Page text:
The current guidance is to wear a facemark and maintain a distance of six feet from other people. If my napkin math is correct, the six feet seperation can be achieved at approximately a stadium capacity of 30 percent while all fans are seated.
However, fans still have to go through the gates, the restrooms and crawl over other fans to get to their middle isle seats.
Regardless of the stadium capacity fans will come into contact momentarily with other fans. I don’t see any way for fans to maintain the recommended separation distance of six feet for the entire duration of the game. There will be some risk for fans attending games, but no more than what you would experience at the grocery store.
Considering the debate on the validity of the virus, the current risks people are willing to take in their daily lives anyway and the deep passion for Tennessee Football within this community, I see no scenario that Universities allow fans to attend games and attendance is not at maximum allowable capacity for every home game.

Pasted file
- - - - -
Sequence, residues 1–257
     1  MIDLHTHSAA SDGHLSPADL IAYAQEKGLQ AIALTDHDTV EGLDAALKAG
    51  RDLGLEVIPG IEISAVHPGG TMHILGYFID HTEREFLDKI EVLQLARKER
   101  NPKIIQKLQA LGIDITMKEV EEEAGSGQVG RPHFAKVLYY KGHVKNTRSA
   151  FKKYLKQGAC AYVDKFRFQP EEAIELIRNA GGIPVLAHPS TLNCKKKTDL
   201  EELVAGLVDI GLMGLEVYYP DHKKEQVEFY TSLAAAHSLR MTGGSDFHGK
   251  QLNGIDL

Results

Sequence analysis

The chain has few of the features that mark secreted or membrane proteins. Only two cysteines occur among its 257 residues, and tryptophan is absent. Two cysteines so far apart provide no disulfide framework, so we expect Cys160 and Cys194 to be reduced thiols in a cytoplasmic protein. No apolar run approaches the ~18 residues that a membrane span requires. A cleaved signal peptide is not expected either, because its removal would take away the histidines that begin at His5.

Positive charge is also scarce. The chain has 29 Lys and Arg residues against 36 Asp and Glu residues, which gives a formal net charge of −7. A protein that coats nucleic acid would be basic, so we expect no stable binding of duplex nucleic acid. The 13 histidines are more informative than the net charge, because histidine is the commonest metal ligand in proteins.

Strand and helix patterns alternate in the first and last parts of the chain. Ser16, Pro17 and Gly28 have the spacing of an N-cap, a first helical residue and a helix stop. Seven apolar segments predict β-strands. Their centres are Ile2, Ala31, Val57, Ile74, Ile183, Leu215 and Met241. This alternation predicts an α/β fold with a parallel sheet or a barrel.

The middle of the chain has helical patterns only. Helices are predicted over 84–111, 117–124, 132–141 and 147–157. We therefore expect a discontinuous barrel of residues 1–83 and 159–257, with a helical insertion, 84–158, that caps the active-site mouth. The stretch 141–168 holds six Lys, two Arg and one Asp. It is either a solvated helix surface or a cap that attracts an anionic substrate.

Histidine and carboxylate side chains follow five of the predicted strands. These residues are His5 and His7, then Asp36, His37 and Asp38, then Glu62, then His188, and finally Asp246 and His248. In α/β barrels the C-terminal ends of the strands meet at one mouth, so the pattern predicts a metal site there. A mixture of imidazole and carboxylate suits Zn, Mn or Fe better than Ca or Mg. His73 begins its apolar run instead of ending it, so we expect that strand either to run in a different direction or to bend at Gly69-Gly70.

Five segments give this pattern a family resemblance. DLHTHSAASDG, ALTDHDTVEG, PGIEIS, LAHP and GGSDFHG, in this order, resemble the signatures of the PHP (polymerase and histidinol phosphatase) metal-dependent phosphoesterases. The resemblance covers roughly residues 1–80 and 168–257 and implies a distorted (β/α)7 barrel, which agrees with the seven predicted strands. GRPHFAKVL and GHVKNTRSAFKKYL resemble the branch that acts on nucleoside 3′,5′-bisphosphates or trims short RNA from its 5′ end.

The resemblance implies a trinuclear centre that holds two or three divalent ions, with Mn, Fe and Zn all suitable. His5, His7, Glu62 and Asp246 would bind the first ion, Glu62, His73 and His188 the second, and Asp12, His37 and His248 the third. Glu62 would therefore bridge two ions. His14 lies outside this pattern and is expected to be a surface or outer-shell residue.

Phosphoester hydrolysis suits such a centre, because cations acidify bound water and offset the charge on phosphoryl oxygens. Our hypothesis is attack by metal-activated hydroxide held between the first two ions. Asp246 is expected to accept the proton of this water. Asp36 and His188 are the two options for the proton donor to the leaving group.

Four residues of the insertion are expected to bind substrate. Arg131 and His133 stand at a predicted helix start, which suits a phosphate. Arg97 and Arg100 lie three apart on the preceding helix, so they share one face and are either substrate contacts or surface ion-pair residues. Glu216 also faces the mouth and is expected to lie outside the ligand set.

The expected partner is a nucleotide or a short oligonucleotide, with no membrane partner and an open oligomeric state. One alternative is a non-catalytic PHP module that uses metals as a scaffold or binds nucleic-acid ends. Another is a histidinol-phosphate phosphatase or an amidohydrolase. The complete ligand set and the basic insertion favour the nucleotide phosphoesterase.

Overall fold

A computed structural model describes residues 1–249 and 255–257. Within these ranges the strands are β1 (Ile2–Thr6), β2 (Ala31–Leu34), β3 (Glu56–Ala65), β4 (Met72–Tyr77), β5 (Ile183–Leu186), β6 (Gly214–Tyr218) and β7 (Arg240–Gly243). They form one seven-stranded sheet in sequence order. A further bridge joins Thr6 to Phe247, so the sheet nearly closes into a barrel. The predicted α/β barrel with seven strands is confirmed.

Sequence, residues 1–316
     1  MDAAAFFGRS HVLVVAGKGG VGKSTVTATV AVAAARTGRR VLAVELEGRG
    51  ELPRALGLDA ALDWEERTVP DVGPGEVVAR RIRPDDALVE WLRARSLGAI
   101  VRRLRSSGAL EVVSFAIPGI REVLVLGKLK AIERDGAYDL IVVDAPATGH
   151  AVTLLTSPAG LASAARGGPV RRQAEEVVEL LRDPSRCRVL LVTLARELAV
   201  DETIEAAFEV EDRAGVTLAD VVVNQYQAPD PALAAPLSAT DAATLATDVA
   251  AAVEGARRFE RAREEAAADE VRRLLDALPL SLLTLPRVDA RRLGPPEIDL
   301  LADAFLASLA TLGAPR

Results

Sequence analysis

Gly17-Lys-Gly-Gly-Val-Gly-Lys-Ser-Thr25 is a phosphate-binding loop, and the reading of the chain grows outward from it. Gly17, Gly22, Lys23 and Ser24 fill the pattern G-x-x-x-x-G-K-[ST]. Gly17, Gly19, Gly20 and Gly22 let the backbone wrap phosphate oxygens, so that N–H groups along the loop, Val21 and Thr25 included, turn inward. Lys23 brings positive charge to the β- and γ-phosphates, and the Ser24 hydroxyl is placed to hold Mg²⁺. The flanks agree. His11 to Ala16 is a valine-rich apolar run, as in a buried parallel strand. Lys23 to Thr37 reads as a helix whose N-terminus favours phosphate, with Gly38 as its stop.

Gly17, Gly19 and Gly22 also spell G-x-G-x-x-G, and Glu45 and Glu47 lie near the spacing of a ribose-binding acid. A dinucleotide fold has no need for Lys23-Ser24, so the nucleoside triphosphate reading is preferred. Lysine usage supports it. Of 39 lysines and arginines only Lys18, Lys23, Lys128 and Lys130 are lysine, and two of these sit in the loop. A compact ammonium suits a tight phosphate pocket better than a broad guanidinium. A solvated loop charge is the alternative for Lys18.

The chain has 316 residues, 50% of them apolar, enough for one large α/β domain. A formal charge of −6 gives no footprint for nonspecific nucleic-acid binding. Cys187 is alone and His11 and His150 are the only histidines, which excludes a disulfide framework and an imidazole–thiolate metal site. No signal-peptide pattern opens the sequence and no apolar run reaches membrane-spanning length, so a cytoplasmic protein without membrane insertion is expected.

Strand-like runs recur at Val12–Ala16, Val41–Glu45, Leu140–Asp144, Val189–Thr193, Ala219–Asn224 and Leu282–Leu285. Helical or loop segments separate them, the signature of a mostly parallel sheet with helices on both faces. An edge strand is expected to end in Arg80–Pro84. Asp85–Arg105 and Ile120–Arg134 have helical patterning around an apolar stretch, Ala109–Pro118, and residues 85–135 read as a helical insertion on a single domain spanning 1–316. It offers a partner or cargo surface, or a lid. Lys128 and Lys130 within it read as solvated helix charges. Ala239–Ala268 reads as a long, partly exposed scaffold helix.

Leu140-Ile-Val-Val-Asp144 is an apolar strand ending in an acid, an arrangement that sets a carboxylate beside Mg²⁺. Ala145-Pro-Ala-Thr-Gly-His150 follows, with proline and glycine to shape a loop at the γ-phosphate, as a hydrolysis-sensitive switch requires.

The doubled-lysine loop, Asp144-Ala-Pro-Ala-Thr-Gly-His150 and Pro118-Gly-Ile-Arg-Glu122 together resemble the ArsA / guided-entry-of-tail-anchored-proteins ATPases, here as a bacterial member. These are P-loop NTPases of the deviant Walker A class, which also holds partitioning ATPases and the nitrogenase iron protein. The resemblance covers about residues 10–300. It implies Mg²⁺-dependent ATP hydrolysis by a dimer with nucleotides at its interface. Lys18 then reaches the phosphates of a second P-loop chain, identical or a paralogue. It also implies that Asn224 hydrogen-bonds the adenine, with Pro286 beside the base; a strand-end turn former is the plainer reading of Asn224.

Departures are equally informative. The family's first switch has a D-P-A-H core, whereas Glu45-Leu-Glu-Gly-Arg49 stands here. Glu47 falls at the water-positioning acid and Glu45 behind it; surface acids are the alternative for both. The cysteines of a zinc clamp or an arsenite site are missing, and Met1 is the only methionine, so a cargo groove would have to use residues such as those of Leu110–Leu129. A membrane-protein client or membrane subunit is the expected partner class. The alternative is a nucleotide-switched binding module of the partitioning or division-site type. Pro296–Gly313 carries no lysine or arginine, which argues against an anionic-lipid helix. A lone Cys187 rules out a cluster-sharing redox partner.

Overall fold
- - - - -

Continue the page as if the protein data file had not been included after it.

In my opinion, yes.
Currently, even the worst statistics show a survival rate of over 99 percent and while I don’t mean to downplay that because there are people losing their lives it’s a factual number.
I don’t know what the cost of a human life is valued at in 2020, but in my opinion, I think it’s probably less than these universities and major media outlets are projected to lose.
I have started two petitions. One to have a college football season and one to cancel it. Sign the one you agree with and let’s see what the majority of people think.
Share the petition you signed!